- The law of large numbers enables the insurance to accurately estimate the future probably losses and the number of people who are likely to apply for insurance. This is done in order to determine the appropriate premiums to be paid by the person taking out insurance.
- The insurance operation is based on the theory that just a few people out of a given lot may suffer a loss. There is therefore a “pooling of risks” i.e the loss of the unfortunate few is spread over all the contributors of the group, each bearing a small portion of the total loss. This is why the burden of loss is not felt by the individuals because it is “shared” by a large group.
Benefits of the “Pooling of Risks” to Insurance Company
- Pooling of risks enables an insurance company to create a common pool of funds from the regular premiums from different risks.
- It enables the insurance company to compensate those who suffer loss when the risks occur
- The insurance company is able to spread risks over a large number of insured people
- Surplus funds can be invested in for example, giving out loans or buying shares in real estates
- It enables the insurance company to meet its operating costs by using the pool funds
- It enables the insurance company to calculate to be paid by each client
- It enables the company to re-insure itself with another insurance company.
- This is a written contract that transfers to an insurer the financial responsibility for losses arising from insured risk.
- This is the specified amount of money paid at regular intervals by the insured to the insurer for coverage against losses arising from a particular risk.
- These are perils or events against which an insurance cover is taken. It is the calamity or problem a person or business faces and results into losses.
Note: The calculation of premiums depends upon the type of risk insured against. The higher the probability of the risk occurring, the higher the premium. The more the risks the business or person is exposed to the more the premiums payable.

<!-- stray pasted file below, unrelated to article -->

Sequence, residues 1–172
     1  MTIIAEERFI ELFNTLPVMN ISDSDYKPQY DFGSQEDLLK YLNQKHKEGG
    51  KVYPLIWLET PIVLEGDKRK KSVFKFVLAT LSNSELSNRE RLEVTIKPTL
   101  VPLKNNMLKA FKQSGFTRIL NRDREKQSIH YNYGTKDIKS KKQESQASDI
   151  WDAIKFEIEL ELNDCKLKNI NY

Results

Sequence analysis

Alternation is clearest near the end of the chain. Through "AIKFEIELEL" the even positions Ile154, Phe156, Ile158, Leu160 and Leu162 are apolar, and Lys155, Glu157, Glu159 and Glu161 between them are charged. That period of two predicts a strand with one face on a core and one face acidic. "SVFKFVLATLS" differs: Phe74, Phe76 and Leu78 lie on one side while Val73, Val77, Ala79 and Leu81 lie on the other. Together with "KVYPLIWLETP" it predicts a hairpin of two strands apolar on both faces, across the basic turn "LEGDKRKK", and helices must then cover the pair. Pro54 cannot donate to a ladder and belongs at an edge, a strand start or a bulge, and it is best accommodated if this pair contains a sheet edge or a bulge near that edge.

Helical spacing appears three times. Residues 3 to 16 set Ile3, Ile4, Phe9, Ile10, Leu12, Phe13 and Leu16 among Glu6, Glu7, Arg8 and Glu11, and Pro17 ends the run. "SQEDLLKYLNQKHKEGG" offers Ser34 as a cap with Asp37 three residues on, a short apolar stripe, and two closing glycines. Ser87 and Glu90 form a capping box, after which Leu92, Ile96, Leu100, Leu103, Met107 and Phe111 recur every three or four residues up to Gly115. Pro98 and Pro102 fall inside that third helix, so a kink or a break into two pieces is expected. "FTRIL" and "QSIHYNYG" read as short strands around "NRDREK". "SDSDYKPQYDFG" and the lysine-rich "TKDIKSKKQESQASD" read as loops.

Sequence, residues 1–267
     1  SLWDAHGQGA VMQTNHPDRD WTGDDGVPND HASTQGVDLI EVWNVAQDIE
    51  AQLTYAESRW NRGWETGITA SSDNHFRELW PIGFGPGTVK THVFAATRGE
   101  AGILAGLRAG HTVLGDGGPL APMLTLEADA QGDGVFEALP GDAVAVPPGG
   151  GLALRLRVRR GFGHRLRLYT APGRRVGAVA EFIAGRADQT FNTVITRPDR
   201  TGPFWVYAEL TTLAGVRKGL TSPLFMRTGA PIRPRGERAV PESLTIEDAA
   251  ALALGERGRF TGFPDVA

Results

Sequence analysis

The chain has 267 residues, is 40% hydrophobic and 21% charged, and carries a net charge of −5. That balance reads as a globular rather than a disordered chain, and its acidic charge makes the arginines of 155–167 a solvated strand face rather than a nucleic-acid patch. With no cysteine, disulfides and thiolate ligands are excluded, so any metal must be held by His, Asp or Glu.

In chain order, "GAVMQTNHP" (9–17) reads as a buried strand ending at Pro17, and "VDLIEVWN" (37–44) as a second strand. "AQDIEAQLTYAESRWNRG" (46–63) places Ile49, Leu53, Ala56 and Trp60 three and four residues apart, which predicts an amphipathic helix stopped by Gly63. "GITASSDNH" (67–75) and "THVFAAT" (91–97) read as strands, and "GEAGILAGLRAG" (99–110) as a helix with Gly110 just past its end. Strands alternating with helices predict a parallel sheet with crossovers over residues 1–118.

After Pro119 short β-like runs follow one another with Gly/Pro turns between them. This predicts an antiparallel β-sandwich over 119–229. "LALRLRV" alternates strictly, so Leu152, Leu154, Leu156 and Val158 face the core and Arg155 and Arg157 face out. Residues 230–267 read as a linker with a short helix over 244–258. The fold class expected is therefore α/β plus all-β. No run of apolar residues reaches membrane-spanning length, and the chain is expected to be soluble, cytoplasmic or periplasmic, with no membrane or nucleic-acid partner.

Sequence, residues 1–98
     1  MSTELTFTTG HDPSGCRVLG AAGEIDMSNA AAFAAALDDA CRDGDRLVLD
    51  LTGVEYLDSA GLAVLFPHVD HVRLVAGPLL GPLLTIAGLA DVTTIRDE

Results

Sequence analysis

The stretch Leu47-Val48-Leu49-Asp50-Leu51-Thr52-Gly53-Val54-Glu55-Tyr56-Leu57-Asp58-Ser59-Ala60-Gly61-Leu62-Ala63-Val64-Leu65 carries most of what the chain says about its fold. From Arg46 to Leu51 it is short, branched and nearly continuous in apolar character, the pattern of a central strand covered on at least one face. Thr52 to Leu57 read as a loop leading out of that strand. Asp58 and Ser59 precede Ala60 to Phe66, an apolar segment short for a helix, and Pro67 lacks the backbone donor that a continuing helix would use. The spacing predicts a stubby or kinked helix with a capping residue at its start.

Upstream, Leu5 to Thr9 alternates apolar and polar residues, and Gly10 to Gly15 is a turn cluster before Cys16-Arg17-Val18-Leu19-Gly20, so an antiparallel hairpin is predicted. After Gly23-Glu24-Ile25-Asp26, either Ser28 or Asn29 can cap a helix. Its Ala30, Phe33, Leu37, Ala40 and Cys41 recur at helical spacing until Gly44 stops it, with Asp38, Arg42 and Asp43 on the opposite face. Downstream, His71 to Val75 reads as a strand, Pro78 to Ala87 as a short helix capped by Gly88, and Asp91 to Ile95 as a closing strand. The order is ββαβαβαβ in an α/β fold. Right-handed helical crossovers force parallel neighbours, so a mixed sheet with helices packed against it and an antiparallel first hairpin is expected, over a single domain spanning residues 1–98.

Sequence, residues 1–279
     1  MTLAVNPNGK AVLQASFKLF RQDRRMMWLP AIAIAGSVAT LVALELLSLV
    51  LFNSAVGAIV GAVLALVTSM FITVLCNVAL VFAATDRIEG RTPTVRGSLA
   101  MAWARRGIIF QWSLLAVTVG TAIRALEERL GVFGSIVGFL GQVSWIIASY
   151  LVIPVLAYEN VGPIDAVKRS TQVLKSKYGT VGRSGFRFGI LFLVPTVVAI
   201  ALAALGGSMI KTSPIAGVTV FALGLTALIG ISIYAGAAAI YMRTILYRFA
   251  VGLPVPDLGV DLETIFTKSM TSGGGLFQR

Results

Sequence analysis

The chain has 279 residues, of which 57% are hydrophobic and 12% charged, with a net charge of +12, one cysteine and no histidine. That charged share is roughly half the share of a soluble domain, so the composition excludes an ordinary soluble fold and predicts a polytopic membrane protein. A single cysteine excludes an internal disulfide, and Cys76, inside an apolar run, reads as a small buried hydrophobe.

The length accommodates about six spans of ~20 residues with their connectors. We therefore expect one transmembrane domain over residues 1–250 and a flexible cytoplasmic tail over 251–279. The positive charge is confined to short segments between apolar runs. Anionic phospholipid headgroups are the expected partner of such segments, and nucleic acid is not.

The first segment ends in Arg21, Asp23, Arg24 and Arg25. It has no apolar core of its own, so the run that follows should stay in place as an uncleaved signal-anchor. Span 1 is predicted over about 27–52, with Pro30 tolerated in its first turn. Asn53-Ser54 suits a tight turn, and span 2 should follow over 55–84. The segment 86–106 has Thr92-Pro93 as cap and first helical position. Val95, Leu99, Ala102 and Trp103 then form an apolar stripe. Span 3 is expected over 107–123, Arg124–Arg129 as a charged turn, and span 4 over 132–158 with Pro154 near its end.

- This is a risk which results in a loss if it occurs and results in no gains if it does not occur. For example, if a car is involved in an accident, there will be a loss and if the accident does not occur there will be no gain or loss
- This is a risk which when it occurs, may result in a loss or a profit. For example, a person may buy shares at ksh.50 each, one year later the shares may be valued at ksh40 each meaning a loss of ksh.10
- Alternatively, their value might not have changed or might have increased to ksh.45 each. Speculative risk lures people to venture into business in the first place.
- This is the individual or the business that takes out the insurance cover and therefore becomes the policy holder
- The insured pays premiums to the insurance company to be compensated should the risk insured against occur or cause loss.
- This is the business company that undertakes to provide cover or protection to the people who suffer loss as a result of occurrence of risks
These are people employed by an insurance company to complete expected losses and calculate the value of premiums.
- This is a demand by the insured for payment from the insurer due to some loss arising from an insured risk.
- This is a document that contains the terms and conditions of the contract between the insurer and the insured. Its issued upon payment of the first premium.
Information contained in a policy includes;